Maybe it was their adolescent energy and earnestness. Maybe it was their sludgy guitars and pummeling rhythm section. Maybe it was the searing anti-hate message in their lyrics.
The track, “Racist, Sexist Boy,” is a blistering attack on anti-Asian racism that draws on the gritty riot grrrl sounds of the early ’90s. Drummer-singer Mila, 10, said this month that she was inspired to write it with bandmate Eloise, 13, after one of her classmates harassed her during the beginning of the coronavirus pandemic.
“A little while before we went into lockdown, a boy in my class came up to me and said that his dad told him to stay away from Chinese people,” Mila said during the library show May 4. “After I told him that I was Chinese, he backed away from me. Eloise and I wrote this song based on that experience.”
Eloise added: “So this is about him and all the other racist, sexist boys in this world!”
The song is less than two minutes long, and not a line is wasted. “You are a racist sexist boy / And you have racist sexist joys / We rebuild what you destroy,” Eloise snarls over distorted guitars and a growling bass.
The tempo then abruptly picks up and Mila continues the ultimatum: “You say mean stuff / And you close your mind to things you don’t like / You turn away from what you don’t want to hear.”
And then comes the chanted crescendo: “Poser! Blockhead! Riffraff! Jerkface!”
The performance was part of a spirited eight-song set the Linda Lindas played for the library’s celebration of American Asian and Pacific Islander Heritage Month. It could hardly have come at a more urgent time. Violence and harassment of Asian Americans has risen sharply over the past year, shaking communities from coast to coast. Even some cities that have registered overall drops in crime have reported increases in crimes targeting Asian Americans. In one egregious attack, a 75-year-old Chinese man in Oakland, Calif., died of his injuries after being shoved to the ground and robbed.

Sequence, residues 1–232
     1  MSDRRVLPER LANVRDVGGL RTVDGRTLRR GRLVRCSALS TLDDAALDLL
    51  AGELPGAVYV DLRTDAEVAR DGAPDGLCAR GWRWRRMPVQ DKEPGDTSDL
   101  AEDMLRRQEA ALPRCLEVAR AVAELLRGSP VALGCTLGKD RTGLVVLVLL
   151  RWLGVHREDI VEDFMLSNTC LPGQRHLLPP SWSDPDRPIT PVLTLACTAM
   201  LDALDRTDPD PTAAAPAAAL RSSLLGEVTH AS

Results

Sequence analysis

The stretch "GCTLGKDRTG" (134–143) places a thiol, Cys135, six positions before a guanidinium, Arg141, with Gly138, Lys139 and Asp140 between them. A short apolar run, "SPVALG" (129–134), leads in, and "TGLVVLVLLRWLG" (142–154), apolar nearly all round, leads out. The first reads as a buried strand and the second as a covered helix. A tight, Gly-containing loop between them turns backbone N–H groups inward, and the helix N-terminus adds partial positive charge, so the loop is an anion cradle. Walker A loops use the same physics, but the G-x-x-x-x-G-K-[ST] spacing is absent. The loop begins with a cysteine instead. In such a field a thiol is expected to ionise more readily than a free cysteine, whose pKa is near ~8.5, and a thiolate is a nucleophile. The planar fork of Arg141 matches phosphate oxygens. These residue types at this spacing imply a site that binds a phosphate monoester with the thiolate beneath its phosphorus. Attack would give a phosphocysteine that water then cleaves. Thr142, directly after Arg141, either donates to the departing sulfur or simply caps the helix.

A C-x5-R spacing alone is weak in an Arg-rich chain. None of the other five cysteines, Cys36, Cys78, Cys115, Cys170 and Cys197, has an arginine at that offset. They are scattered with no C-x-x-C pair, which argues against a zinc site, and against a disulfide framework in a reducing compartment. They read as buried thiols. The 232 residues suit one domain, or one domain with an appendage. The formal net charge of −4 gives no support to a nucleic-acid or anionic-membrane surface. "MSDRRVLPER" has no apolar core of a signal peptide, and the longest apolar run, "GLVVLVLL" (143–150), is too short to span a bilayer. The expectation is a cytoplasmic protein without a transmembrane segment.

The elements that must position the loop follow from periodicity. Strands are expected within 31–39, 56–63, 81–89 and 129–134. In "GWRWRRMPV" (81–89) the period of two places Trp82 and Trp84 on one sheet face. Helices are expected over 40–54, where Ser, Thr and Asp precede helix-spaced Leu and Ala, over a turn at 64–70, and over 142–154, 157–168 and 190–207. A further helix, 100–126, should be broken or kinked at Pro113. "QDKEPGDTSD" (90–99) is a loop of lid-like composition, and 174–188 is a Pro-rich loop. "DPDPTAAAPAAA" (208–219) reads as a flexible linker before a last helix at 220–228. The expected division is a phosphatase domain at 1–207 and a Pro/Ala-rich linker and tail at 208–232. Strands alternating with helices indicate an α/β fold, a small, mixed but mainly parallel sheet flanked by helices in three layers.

While passing hate-crime legislation is an important step in combating the problem, so is the catharsis of calling it out in the bluntest terms possible. Sometimes, people just need to scream about it.
The Linda Lindas touched a raw nerve, and it won them legions of fans after the library tweeted the “Racist, Sexist Boy” clip Thursday. The clip had racked up about 2 million views on Twitter as of Friday afternoon.
Kathleen Hanna, the riot grrrl pioneer who fronted Bikini Kill and Le Tigre, cheered their “great music” while also noting that they sported T-shirts promoting girls’ education in Togo.
“Song of the day!” wrote Rage Against the Machine guitarist Tom Morello.
It wasn’t just musicians who took notice. Viet Thanh Nguyen, the Vietnamese American novelist who won the 2016 Pulitzer Prize for fiction, was among those singing their praises: “ ‘Racist, Sexist Boy’ is the song we need now,” he said in a tweet.
The Linda Lindas formed about three years ago in Los Angeles as part of a pickup band assembled by musician Kristin Kontrol of Dum Dum Girls, according to the band’s bio page. In addition to Mila and Eloise, the band includes Bela, 16, and Lucia, 14, on guitars, though all of them are multi-instrumentalists. They were tapped by Hanna in 2019 to open for Bikini Kill at the Hollywood Palladium. They also wrote a song that appeared in the recent Netflix film “Moxie.”
Eloise, Lucia, Mila are related, and Bela is a close friend, they said in an interview accompanying their library performance. The pandemic disrupted some of the band’s plans last year, but they pressed forward, even briefly trying to hold practices over Zoom. “Not ideal,” Lucia said. They play some covers but have focused lately on writing original material. Each composed a song for an EP they released late last year.
With restrictions lifting and infections falling, they’re now freer to collaborate in person. “We feed off each other,” Bela said in the library interview.
“Racist, Sexist Boy” isn’t the group’s first foray into current events. In December, they put out a track called “Vote!” It’s an upbeat call for adults to exercise their right — and it also seems to capture the band’s credo: “You can’t just sit on the side / Well, you’ve gotta make up your mind / You can’t just wait and see / Gotta make a difference for you and me.”